Stage Left Theatre

Teechers is an adolescent revenge fantasy; the target is the educational system. You undoubtedly know the genre: Teenagers trapped in a school full of dull, indifferent teachers have become alienated and hostile. Recognizing that no one really gives a damn about them, they cling to each other for support. Then along comes a teacher who really understands, a teacher so hip and cute and unaffected that he barely seems to be a grown-up at all. He manages to inspire the kids and get them to care about learning. Even though he could make more money somewhere else, he chooses to remain an underpaid, underappreciated teacher, just so he can stay with the kids he admires and respects so much.

That is the gist of Teechers, and that is why the play is at times predictable and tiresome. So why would the Stage Left Theatre want to put it on? Because Teechers is also a challenging exercise in acting; and the three actors in the cast, who play a total of 21 roles, do such a fine job that they make Teechers seem almost fresh.

John Godber, the British playwright who wrote Teechers, created it for the Hull Truck Theatre Company, one of those countless small performing troupes that roam England’s backwaters in small vans, performing in union halls, schools, and other unadorned settings. The play is actually a play within a play. Salty, Gail, and Hobby, three students from Mr. Nixon’s drama class at Whitewall High School, are performing a play they wrote themselves about Mr. Nixon and the other denizens of their school.

In England there are three types of schools–the public school, which is actually an exclusive private school; the private school, which is a high-caliber public school; and the comprehensive school, reserved for those children written off as average or downright stupid. Whitewall is a comprehensive similar to the one Godber taught in for five years; and the play seems to be, in part, an opportunity for Godber to vent his spleen about conditions there that he found outrageous, pathetic, or funny.

Virtually all the teachers depicted in the students’ play are caricatures. Mrs. Parry, the headmistress, is a silly, flamboyant woman who is trying to coerce Mr. Nixon into taking a role in her annual production of The Mikado. Mr. Basford, the deputy headmaster, is a petty, priggish twit who sends his own children to an expensive public school ten miles away. Mrs. Jones sits in the teachers’ lounge, cigarette dangling from her lips, marking student papers and warning Nixon to stay out of the chairs “owned” by other teachers. “Even after seven weeks,” Nixon complains to the audience, “finding a regular seat in the staff room was a nightmare. I was told by Mr. Dean that a lot of new staff preferred to stand outside in the rain. Mr. Sawyer had been at Whitewall for two years and had not ever got a seat in the staff room.”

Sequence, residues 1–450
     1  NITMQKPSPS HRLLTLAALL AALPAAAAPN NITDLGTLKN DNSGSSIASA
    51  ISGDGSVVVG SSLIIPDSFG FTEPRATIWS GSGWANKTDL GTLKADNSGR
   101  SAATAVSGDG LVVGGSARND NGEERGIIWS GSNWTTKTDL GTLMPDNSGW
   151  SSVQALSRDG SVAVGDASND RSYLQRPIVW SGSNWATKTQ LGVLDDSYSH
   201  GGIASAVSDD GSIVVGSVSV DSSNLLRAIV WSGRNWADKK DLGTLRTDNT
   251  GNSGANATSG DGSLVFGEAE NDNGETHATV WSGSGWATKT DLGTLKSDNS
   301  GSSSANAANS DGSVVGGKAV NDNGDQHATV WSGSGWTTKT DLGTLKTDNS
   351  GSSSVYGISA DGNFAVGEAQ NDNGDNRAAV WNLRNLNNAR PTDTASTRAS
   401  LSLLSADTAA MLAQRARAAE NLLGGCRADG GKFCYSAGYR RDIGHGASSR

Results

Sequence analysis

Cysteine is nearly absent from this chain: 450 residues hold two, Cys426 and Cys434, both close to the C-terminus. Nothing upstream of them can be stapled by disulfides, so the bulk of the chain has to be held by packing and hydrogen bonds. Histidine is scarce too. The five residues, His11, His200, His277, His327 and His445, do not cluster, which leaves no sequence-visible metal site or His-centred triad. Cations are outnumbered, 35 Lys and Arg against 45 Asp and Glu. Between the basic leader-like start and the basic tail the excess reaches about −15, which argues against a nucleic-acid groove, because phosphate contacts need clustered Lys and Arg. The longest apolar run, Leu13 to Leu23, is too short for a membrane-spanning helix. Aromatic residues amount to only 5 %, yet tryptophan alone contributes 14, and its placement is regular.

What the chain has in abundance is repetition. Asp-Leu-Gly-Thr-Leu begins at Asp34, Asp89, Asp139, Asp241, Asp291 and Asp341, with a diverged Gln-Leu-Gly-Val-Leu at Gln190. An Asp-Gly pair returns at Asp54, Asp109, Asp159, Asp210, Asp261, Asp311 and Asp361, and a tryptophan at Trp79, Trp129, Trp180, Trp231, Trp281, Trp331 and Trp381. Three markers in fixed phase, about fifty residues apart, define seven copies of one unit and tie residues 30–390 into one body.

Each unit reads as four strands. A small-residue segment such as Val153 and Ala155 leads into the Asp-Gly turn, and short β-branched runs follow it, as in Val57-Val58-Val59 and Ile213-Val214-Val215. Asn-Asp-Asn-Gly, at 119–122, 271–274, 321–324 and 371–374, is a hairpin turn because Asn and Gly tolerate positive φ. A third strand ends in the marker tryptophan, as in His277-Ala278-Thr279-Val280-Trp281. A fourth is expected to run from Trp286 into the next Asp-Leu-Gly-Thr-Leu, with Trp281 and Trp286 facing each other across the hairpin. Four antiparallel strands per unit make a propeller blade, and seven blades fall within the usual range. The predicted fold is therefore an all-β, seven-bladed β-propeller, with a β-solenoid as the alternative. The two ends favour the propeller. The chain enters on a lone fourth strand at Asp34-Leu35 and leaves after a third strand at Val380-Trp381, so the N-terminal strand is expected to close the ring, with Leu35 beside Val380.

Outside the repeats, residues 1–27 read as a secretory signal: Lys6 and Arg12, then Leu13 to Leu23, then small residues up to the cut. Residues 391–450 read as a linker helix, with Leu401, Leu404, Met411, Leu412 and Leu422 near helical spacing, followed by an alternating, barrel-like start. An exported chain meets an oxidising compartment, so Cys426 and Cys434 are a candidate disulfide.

In all fairness, however, a lot of the students are caricatures, too. Oggy Moxon, for example, is a 16-year-old thug who intimidates the teachers. “If any teachers in this shitpot school with their degrees and bad breath lay a finger on me, God be my judge, I’ll have their hides,” says Gail doing her Oggy Moxon impersonation. Pete Saxon is another oversized student; he has a line tattooed across his neck next to the inscription, “Cut here.”

But the students are represented primarily by Salty, Gail, and Hobby, the three bright, capable, talented kids performing the play within the play. They can be crude and hostile too, of course. When Salty comes out to introduce the play, he can’t resist shocking the teachers by saying the word “knackers.”

But for the most part these three are students just waiting to have their potential tapped by someone like Mr. Nixon. And of course when Mr. Nixon gets a chance to go work at the nearby public school, well, how do such stories usually resolve such conflicts?

Under the direction of Dennis McCullough, these three actors are playful, inventive, and controlled. They have fun with this play without overacting–too much. By accentuating Mr. Nixon’s awkwardness, Phil Ridarelli manages to make the teacher genuinely likable. As the pert, bubbly Gail, Renee Cajandig is effervescent and mischievous. And Marguerite Hammersley, who plays Hobby, has a gift for mimicry. With just a simple scarf, she projects the theatrical spirit of Mrs. Parry, who flits about squawking and singing like a 200-pound land bird. Her Mrs. Jones is a vivid picture of the indolent bitterness that often consumes frustrated teachers. And as Mr. Basford, the deputy head, Hammersley actually looks puffed-up and dictatorial.

The three are a bit overzealous in their accents–much of the dialogue, which contains a great deal of working-class British slang to begin with, is lost in their pronunciation. But overzealousness is not a great fault, for ultimately it’s the actors’ enthusiasm and playfulness that make Teechers so well worth watching.